Since I was staying at a hotel near the ski lifts, I rode down the mountain to access the Rec Trail. The first part was melted and very sketchy, and I fell over several times as I floundered embarrassingly while trying to climb out of deep powder onto my bike in full view of adjacent traffic. After about 400 yards, however, the Rec Trail becomes groomed corduroy bliss, a fast decent into town. I kept going until I wound up behind the school, at a large, wooden sign that clearly delineated two trail systems: “paid” and “free.”
Based on this signage, and the complimentary trail map it offered, I genuinely assumed these “free” trails were open to everyone, so I rode them all, encountering only a handful of cross country skiers who seemed interested in my fat bike and encouraged me to keep riding. As I studied the map further, I realized that I had inadvertently taken a “paid” trail earlier, the 0.9-mile Teocalli connector trail, which connected the Rec Trail to the free Nordic trails. Since the Rec Trail only intersects a public road clearly marked “private,” I could not understand how to connect the Rec Trail and free trails without taking the Teocalli connector.
Later in the day, I inquired about this at the Nordic Center after deciding to rent cross skis with my family. The associate was polite, but his answer to my question stunned me. Apparently there is no way to connect them, and I was expected to just turn around at the end of the Rec Trail and head back up the hill, even though the Teocalli trail is also on public land, adjacent to the dirt jumps, as far as I can tell (locals, correct me if I’m wrong). The associate also made it pretty clear that the free Nordic trails were “really just for skiers,” and discouraged fat bike use, even though there was no signage indicating this.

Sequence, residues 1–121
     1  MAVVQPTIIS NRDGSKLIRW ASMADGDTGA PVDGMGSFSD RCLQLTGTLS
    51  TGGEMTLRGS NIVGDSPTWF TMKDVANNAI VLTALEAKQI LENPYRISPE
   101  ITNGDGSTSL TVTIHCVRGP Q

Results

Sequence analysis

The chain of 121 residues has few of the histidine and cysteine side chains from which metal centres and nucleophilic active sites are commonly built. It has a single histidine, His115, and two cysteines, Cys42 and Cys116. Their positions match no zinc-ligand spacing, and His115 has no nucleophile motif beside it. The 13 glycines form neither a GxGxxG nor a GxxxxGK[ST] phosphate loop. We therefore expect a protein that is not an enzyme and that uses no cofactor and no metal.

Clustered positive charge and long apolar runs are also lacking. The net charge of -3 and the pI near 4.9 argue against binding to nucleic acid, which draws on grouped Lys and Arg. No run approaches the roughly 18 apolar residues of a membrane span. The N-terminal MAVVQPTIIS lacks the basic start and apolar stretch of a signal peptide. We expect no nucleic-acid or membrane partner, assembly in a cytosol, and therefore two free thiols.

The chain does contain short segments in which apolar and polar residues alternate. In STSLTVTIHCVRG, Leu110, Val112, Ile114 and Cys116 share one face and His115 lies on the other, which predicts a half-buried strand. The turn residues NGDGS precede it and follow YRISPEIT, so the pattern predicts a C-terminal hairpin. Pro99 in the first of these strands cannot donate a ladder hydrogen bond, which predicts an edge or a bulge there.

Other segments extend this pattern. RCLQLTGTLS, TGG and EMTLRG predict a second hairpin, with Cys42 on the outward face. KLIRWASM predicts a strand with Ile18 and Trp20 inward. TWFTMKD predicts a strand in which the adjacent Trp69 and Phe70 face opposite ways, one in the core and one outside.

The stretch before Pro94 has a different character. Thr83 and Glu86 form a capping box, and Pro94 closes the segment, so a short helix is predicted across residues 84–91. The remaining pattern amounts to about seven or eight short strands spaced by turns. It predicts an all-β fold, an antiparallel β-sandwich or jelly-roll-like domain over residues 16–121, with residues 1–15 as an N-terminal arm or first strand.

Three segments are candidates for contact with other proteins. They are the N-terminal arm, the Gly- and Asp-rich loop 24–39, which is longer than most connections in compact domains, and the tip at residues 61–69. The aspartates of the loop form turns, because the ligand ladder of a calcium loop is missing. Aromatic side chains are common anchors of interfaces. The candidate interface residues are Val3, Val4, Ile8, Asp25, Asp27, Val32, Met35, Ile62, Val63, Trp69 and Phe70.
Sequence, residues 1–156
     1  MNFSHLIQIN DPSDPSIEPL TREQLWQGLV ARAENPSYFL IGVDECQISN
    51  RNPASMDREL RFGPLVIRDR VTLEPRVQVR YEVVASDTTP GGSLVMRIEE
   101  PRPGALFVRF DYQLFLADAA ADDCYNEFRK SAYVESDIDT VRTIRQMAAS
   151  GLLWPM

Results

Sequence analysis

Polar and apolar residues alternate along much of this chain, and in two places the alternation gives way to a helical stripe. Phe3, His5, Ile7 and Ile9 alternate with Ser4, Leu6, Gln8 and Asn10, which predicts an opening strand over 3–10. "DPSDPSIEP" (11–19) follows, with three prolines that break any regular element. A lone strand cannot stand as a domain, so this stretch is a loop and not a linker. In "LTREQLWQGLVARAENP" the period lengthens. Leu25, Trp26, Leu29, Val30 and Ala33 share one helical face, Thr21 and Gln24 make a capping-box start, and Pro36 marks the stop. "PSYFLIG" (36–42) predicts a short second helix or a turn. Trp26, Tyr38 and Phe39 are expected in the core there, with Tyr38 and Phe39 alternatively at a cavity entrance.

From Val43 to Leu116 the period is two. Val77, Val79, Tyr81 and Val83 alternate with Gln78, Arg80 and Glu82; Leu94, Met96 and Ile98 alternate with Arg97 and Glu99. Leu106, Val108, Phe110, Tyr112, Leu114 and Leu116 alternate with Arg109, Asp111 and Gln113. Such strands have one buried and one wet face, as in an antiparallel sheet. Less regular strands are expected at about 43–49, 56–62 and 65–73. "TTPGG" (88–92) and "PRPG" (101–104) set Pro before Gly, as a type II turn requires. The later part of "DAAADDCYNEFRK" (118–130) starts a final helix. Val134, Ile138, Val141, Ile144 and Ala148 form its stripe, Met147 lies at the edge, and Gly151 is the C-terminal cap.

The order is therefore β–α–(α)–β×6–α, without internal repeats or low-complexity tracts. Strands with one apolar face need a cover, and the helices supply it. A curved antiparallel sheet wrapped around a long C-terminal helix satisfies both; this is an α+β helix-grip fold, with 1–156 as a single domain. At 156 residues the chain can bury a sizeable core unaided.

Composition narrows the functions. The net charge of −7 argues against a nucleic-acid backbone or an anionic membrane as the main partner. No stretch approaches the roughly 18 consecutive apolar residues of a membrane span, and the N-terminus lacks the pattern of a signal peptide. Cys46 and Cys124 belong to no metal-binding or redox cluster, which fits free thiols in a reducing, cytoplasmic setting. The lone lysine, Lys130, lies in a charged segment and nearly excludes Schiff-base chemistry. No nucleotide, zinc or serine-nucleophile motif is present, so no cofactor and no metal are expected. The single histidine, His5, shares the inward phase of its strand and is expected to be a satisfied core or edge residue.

Curious, I asked a few more questions about why fat bikes weren’t allowed on groomed trails (that are, again, singletrack in the summer). After all, it seems like a profitable venture, since fat bikes do not create much of a trail impact (my tracks were gone in the afternoon when I skied the same route). Again, I was stunned. He was very nice about it, but I was told that fat bikes would be “in the way,” and “what more do I want,” since fat bikes can already ride on roads and snowmobile trails (so can skiers), so stay off our Nordic trails.